Andrius Kubilius, Member of the European Parliament,
Former Prime Minister of Lithuania
Not so long ago, in 2015, we were all hearing about Daesh, or the Islamic State, a notorious terrorist organisation that operated in Iraq and Syria and occupied large parts of the region. It killed Arabs, raped their women and beheaded their children. The Yazidi religious community had suffered a real genocide. In the end, the Iraqi army and the Kurds, with the assistance of the American military, managed to crush Daesh. The whole democratic world cheered this. Even Putin portrayed himself as being at war with Daesh in Syria. In the end, the Arabs were liberated from the terror of Daesh.
The Hamas terrorists in Israel are behaving in exactly the same way as Daesh did. Perhaps even more brutally. Some say that Hamas is the same Daesh, its new offshoot. Hamas must be treated in the same way as Daesh was treated. Hamas must be crushed. And this must not be only Israel’s concern. It must be the business of the whole West. And it is the business of those Arabs who no longer want to live under the occupation of their terrorists. But someone seems to see the difference between fighting Daesh and fighting Hamas. One has a feeling that the difference is only visible because Daesh is being fought by Arabs who have experienced the terror of Daesh themselves, while Hamas is being fought by Israeli Jews who have experienced the terror of Hamas. To me, this difference in response to the defeat of Daesh and Hamas terrorists is akin to systemic anti-Semitism.
In 2015, Daesh terror and the Russian “carpet bombing” of Syrian cities triggered a huge influx of refugees to Europe. The European Union has experienced one of its biggest crises.
Until now, the West has tried very hard to make sure that Russia’s military actions and aggression are confined to Ukraine. That is why we have always been hearing statements from NATO commanders and heads of Western countries that the West is not fighting this war, that NATO is not involved, and that this is just a war in Ukraine to defend itself against the Russian aggression. Even the West was afraid to give enough weapons to Ukraine, because it was very worried that Putin, in retaliation for the supply of weapons, would expand his military terrorist actions to wider areas.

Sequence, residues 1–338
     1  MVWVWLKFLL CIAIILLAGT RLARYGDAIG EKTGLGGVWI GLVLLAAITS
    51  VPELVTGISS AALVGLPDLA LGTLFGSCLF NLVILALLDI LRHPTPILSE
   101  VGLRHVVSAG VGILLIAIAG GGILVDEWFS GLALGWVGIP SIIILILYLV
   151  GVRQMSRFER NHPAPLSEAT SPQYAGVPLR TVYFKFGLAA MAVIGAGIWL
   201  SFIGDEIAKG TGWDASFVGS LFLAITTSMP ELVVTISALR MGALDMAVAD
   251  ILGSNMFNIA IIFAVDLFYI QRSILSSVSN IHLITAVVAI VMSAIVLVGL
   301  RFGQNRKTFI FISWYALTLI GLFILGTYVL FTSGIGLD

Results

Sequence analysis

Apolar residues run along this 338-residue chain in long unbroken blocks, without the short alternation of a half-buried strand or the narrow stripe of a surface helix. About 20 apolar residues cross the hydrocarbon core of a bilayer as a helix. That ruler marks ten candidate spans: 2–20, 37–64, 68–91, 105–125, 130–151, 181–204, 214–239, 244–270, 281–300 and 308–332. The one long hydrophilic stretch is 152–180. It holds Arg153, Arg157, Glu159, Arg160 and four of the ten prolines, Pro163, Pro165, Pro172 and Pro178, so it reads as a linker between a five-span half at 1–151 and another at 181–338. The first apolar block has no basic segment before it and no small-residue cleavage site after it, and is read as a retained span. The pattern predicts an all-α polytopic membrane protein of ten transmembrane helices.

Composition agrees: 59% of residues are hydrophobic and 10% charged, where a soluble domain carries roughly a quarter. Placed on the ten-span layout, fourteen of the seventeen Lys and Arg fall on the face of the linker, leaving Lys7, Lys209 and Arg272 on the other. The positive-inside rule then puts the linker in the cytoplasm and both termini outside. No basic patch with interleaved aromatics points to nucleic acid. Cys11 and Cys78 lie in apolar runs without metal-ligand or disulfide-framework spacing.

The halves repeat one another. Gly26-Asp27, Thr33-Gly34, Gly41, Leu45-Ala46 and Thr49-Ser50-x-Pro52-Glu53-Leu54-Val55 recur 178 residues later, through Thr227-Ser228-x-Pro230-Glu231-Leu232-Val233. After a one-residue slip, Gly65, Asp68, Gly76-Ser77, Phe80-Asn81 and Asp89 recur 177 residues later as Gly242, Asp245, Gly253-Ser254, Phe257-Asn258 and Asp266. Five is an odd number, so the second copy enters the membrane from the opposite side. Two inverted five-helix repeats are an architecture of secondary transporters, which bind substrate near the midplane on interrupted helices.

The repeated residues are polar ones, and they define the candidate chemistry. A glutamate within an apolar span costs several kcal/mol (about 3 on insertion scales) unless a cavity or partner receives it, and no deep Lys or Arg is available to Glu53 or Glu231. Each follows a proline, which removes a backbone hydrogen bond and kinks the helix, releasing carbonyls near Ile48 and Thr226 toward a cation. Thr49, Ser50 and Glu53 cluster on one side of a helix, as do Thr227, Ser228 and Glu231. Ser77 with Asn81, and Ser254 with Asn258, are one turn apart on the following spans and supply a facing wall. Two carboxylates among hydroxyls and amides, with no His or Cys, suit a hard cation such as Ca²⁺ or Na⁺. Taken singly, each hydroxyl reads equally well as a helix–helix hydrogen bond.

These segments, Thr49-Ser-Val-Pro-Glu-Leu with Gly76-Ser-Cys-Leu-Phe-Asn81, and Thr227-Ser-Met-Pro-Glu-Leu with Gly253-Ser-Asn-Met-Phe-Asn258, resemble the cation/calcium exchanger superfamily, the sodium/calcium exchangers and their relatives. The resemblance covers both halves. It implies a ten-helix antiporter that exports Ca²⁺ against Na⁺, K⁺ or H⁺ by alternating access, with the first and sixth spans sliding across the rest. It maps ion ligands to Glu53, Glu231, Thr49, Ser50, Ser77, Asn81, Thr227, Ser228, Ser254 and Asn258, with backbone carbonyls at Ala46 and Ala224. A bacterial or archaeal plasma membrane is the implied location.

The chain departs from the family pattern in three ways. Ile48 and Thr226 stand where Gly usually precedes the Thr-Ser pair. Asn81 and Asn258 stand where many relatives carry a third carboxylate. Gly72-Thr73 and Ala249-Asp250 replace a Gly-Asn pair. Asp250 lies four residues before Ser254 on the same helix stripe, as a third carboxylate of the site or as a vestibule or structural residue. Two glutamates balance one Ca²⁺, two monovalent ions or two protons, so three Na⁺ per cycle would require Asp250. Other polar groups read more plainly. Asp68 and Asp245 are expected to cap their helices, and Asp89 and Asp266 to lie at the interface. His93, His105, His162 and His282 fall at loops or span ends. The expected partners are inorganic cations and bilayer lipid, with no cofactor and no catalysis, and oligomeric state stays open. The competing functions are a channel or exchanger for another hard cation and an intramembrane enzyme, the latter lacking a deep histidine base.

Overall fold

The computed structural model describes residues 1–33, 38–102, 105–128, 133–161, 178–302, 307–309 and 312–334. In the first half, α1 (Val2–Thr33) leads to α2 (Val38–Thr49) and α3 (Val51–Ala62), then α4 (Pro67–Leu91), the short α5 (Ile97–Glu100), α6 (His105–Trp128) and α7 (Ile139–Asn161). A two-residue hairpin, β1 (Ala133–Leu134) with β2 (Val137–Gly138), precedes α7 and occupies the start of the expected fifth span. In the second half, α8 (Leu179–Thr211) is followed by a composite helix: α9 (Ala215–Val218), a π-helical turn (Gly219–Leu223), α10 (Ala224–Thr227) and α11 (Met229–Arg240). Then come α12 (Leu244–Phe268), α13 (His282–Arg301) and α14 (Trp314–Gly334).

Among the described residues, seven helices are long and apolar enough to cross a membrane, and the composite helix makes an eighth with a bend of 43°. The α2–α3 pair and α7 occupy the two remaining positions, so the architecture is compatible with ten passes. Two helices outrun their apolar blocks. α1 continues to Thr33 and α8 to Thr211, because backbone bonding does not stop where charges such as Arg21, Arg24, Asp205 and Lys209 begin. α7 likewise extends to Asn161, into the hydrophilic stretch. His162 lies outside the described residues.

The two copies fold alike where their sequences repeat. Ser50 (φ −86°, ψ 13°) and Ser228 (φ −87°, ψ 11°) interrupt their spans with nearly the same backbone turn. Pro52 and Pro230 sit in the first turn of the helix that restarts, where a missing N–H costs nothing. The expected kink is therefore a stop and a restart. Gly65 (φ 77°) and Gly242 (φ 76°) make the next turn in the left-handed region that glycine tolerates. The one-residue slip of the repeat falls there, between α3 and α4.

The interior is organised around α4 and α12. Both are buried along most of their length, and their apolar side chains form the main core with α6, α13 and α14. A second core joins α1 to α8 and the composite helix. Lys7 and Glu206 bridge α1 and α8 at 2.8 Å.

Putin has expanded his acts of aggression – to the “belly” of the European Union: the Middle East. Only the blind can fail to see the Kremlin’s links to all this Hamas terrorism: the Kremlin’s communion with Iran, with North Korea, with Syria (all three officially recognised as terrorist states by the US), the visits to the Kremlin by Hamas leaders at the time – all this was the prelude to Hamas’s launching of a terrorist war against Israel. The Kremlin’s objectives are clear: to divert the West’s attention away from Ukraine and to trigger a wave of “instrumentalised” migration to Europe. At the same time, to inspire their fellow “terrorists” to follow the example of Hamas and expand the “terrorist war” to new regions: the South Korean intelligence already warns that North Korea is preparing to repeat Hamas’ “success” in storming the border between North and South Korea; the US intelligence warns that Iran could have a nuclear bomb in its possession within the next 2 weeks. Putin has made sure that not only Hamas, but also North Korea and Iran are prepared to wage a “terrorist war” (perhaps even a nuclear war) on new territories.
Putin’s new strategy for the war against the West does not need tanks, divisions or air power, but rather organised terrorists, still better state-sponsored ones, whatever they are called: Hamas, Wagner or Daesh.
The West must realise that Putin is fighting against the West, against Europe, no longer only in Ukraine. The war was transferred to Israel over the bloody weekend. For a long future and with unpredictable consequences. The day after tomorrow, it could move to South Korea or the Western Balkans. It is easy for Putin to manage such a “terrorist war”. He has always been well prepared for it. Ever since the Soviet era, the KGB has lived by one motto: “Terrorists of all countries – unite!”. Putin has effectively implemented this KGB task too.
Conclusions after two observations: what should the West do?
Firstly, the West can no longer fear that Putin will expand his war zone as a response to the West’s actions in supplying arms to Ukraine. Putin has already expanded the territory of his terrorist war against the West. The war is no longer just in Ukraine. The West can therefore no longer fear supplying arms to Ukraine.
Secondly, the West must realise that the Kremlin is the brain and the financial centre of the terrorist war it has launched. Therefore, the terrorist Kremlin must be crushed in the same way as Daesh was crushed and now Hamas is being crushed. And this must be done immediately in Ukraine. Without any delay, otherwise the Kremlin will take its “terrorist war” to new territories. And we do not know which ones.
Some people are worried that Ukraine is now losing the attention of the West as a result of the terrorist war launched by Hamas against Israel.
What Ukraine needs is not Western attention, but Western weapons, as well as Western brains and their understanding that the global terrorist war can and must be stopped now by crushing Putin, the world’s terrorist-in-chief, in Ukraine.